I am prediabetic, should I eat nuts?
Your Doctor told you your are Prediabetic and now you have no clue what to eat and not to eat. You have heard that nuts are healthy, and your health care provider wants you to eat healthy. So, nuts might be a good thing, right? Well, except your Doctor also told you to eat less fat and nuts are full of fat! So what should you do?
No worries. It's not as complicated as it might seem. Eating healthy doesn't have to drive you nuts (ha, ha, ha!). It will all make sense if you keep reading.
Everywhere you read, nuts are treated like the solution to all your health problems. They definitely come up quite often in articles about controlling blood sugar and avoiding type 2 diabetes. It’s true. Nuts are really good for most people's health, plus, they are delicious. Full disclosure, I LOVE nuts!!!
Nuts are viscous little treats
You wonder Why? There are many reasons, but here are the main ones.
- Nuts are fat. Mostly good fat, but still, a lot of fat! When it comes to fat, you have to know that on average, 1 oz of nuts covers about 20% of the average person's daily needs. So if you are planning on grabbing nuts for snack from now on, keep in mind that with only about 5 handfuls, you would get your daily dose of fat. I am not saying "don't eat nuts for snacks". We all agree on that, right? But you have to be careful: if you introduce nuts into your daily routine, you have to cut back on fat in other places. Otherwise you will gain weight. It's that easy. You probably know by now that weight loss is one of the first steps to help you reverse prediabetes.
- Nuts add a lot of calories to your diet. Let's say you need about 2,000 calories per day, which is the average for women who are not trying to lose weight (men usually need a bit more, around 2,400). It only take about 3 cups of nuts every day to cover your caloric needs! OK, I know, you are not planning on eating 3 cups of nuts every day. Yet, if you are not paying attention, you might end up swallowing 1 cup of nuts without second thoughts. I can totally eat 2 cups of pecans or almonds while watching a movie! If you don’t get rid of other sources of calories at the same time, you will gain weight. Again!
- Nuts are way too easy to snack on… and on, and on, and on! If you had to peel, cut, and cook nuts, the 2 previous points wouldn't be an issue. But nuts are so easy to nibble on that we often gobble up a huge lot of them without being aware of it. Yes, true, nuts are much healthier than chips or candies so they are a better option for snacking. No question, that's 100% true! The problem is that since nuts are so healthy, we don't have second thoughts or the slightest guilt about devouring them. So we have a tendency to track them less and indulge more. Danger!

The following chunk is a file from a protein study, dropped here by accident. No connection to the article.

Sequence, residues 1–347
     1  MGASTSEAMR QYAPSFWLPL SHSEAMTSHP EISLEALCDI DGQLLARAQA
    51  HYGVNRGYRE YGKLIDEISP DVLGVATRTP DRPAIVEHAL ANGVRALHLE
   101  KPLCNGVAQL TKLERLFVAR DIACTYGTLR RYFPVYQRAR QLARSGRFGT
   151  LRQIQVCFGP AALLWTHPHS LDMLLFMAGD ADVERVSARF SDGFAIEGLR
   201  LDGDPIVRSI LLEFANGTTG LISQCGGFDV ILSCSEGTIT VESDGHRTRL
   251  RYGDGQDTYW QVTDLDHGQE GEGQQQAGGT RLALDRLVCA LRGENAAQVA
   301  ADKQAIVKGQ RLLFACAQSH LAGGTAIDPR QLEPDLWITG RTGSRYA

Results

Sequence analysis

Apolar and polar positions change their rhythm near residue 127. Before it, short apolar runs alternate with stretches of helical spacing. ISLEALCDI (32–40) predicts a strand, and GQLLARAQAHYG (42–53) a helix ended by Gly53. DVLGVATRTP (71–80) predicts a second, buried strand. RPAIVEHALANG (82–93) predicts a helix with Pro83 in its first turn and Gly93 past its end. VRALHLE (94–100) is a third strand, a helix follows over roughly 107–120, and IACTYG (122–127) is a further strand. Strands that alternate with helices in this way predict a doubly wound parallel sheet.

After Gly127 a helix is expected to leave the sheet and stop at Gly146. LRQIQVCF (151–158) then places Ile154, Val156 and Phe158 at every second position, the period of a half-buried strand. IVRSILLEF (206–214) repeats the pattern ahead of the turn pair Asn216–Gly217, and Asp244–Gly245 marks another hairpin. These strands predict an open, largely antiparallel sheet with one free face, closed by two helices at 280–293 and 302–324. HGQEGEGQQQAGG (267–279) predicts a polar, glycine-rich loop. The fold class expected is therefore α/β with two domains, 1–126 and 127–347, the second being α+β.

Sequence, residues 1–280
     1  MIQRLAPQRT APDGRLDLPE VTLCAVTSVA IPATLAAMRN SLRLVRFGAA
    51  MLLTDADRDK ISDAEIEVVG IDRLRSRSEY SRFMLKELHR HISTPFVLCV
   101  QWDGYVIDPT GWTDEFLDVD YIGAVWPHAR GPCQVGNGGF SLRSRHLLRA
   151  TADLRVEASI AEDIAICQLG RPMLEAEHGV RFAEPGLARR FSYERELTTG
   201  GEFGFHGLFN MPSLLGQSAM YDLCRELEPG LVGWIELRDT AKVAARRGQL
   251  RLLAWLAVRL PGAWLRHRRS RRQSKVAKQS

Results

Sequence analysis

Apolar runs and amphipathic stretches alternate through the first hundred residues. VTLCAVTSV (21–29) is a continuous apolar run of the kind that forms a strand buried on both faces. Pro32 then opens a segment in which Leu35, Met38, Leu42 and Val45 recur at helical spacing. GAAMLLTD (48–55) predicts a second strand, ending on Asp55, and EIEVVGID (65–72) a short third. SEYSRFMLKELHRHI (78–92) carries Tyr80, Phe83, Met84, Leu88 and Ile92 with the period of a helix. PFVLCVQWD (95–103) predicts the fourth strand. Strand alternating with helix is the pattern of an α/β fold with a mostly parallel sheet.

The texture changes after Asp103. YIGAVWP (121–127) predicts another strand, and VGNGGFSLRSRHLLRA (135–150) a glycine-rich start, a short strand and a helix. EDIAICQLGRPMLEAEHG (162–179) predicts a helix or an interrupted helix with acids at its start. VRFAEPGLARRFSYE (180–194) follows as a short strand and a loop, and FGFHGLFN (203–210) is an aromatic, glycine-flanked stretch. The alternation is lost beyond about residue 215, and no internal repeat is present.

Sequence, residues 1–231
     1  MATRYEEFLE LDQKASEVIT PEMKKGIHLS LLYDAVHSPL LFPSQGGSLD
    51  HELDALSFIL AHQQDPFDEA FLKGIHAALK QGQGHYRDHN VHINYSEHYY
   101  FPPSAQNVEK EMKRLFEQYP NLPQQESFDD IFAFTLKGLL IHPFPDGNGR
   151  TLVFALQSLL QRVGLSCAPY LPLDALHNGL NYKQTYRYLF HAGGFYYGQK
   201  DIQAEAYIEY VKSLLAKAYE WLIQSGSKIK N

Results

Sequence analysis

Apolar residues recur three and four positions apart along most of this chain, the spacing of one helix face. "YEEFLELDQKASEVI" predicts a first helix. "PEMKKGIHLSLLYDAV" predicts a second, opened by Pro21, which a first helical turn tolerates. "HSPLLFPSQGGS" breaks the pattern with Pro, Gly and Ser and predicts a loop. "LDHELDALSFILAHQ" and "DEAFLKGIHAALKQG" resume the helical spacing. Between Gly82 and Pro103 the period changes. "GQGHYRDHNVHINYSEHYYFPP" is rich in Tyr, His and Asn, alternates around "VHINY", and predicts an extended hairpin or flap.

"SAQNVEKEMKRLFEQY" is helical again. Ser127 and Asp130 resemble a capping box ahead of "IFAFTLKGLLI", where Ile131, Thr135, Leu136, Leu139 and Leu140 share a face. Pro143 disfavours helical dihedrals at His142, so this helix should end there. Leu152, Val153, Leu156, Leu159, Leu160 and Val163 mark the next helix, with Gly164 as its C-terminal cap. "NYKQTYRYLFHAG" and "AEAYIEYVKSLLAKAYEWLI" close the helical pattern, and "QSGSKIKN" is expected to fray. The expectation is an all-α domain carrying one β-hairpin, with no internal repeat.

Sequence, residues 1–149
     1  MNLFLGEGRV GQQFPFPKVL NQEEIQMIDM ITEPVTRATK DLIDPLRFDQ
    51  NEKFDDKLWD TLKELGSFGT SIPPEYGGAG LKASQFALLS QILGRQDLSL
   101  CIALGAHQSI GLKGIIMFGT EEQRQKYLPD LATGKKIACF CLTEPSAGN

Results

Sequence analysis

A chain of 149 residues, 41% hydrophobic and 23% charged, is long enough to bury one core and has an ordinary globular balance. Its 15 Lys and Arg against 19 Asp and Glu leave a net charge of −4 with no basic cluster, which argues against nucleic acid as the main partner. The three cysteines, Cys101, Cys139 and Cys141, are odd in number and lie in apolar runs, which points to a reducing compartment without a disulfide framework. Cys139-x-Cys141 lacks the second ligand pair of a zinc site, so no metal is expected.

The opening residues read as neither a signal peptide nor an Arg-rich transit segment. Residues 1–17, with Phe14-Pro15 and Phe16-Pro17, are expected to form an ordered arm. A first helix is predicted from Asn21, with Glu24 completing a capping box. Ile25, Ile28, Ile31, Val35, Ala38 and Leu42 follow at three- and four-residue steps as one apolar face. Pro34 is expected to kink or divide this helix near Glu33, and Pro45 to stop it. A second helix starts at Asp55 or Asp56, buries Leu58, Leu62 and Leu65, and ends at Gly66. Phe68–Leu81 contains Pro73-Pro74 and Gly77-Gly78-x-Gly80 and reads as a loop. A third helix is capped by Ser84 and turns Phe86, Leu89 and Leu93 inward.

Now please, don't get me wrong! I am not telling you to stay away from nuts if you are trying to lower your blood sugar. Far from it! I eat lots of nuts myself, my favorite ones being almonds, pecans, and pistachios. I am with everybody else in saying that nuts are good for us, unless of course allergies are an issue. But nuts are so good for us that they can be tricky to manage. So be really mindful, to make sure you get all the benefits of nuts without the dangers.
Not sure where to start?
If you find it really hard to eat nuts in moderation, check out my article "7 Tips to use nuts when trying to reverse prediabetes". And as always, if you need a little extra help to get started on your PreDiabetes Reversal journey, apply for a FREE Healthy Lifestyle Kick-Off Session. If you are really determined and I feel that I can help you, I’ll be happy to chat with you for 30 minutes and see how you can stack all the odds in your favor. Allons-y! Let’s Go!
None of my articles, services, or products are intended to diagnose, treat, prevent, or cure any illness or disease. The information provided in my services, programs, and classes is not intended to take the place of advice from your medical professional, licensed dietitian, or nutritionist. You are solely responsible for your health care and activity choices.